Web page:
Spread Creek Fish Passage Reconnection
In 2010, the Spread Creek dam, an obsolete, crumbling diversion dam for irrigation located just outside of Grand Teton National Park on Bridger-Teton National Forest lands near Jackson Hole, WY, was removed through a partnership effort, opening up over 50 miles of Spread Creek to migratory Snake River cutthroat trout for the first time in over 50 years.
As a result of the previous project phase, Spread Creek is now connected to the Snake River system in terms of fish migration, and a modernized diversion structure requiring less annual and seasonal disturbances to the Spread Creek riparian area allows water users the ability to divert irrigation water while maintaining fish passage throughout the year.
Post-dam removal monitoring by project partners has documented the successful movement of migratory cutthroat trout throughout the Spread Creek drainage and through the former dam site. However, it has also illustrated the need for a fish screen on the Spread Creek irrigation system’s ditches, as many juvenile and adult cutthroat trout and other native fish species like bluehead suckers (a WY Species of Greatest Conservation Need) are being swept into the ditches when trying to out-migrate throughout the year. In addition, flooding has damaged the diversion structure’s rock weirs, leading to significant issues with water delivery and channel scouring, and associated sedimentation and extreme bank instability that continues to threaten water quality and habitat in the area, especially in high water years.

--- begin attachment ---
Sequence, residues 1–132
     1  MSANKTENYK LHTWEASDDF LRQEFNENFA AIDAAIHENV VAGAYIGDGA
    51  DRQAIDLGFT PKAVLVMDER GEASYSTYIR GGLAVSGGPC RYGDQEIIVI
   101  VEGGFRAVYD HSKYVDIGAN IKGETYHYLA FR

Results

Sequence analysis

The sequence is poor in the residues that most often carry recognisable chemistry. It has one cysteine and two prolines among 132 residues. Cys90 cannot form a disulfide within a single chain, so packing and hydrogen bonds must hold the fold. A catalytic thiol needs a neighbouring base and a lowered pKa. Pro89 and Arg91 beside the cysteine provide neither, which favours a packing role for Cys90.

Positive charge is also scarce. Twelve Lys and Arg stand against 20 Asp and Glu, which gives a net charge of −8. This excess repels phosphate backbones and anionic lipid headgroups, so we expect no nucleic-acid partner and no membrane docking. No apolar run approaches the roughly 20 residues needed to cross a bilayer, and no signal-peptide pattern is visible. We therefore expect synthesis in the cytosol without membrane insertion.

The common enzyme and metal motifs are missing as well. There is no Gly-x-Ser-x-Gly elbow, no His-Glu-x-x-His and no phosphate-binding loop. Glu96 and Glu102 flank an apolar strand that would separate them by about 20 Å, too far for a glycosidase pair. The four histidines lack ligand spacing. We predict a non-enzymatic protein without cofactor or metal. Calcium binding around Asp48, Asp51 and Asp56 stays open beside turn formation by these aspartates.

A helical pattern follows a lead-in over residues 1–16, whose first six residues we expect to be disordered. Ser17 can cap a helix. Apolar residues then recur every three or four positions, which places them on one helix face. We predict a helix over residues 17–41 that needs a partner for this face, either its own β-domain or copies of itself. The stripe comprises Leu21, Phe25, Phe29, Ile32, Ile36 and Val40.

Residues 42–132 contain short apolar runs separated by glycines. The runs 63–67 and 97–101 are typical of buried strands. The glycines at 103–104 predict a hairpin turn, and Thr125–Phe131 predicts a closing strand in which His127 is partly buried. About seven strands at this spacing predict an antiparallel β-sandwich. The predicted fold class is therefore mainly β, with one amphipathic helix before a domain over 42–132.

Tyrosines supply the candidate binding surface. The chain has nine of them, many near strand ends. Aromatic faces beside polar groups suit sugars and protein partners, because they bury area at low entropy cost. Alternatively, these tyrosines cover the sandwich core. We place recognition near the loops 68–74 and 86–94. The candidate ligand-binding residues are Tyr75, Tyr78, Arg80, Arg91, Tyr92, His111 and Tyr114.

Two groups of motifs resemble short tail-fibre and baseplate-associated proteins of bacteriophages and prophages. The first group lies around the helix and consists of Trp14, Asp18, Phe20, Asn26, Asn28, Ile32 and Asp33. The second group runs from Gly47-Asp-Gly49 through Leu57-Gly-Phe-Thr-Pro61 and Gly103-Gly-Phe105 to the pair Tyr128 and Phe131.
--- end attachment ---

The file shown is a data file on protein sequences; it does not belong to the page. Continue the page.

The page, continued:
The second and final phase of the Spread Creek Fish Passage Project will ensure unimpeded migration between the Snake River and Spread Creek by installing a fish screen that prevents losses of native fish and by stabilizing, improving, and protecting the diversion and adjacent stream channel. It will accomplish this by: 1) installing a fish screen that will eliminate fish entrainment in ditches; 2) rehabilitating the diversion structure for long-term stability and improved fish passage; and 3) adding instream structures to protect banks, channel, and irrigation infrastructure within the project area. It will be true win-win-win for native fish, ranchers, land managers, and the public that recreates in the area. Hydrologic benefits include improved water quality, streambank stability, and native fish habitat and passage. The project will provide a good example of green, fish-friendly irrigation infrastructure in the area.
*Project removes artificial barriers that restrict passage and/or natural flow of water for some period of the year
* Project removes artificial barriers that restrict passage and/or natural flow of water for some period of the year
* Project utilizes best management practices to filter and/or reduce pollution inputs into rivers, streams, lakes, wetlands or near-shore marine areas
* Project supports urban water use efficiency AND raises public awareness of water issues and/or provides community benefits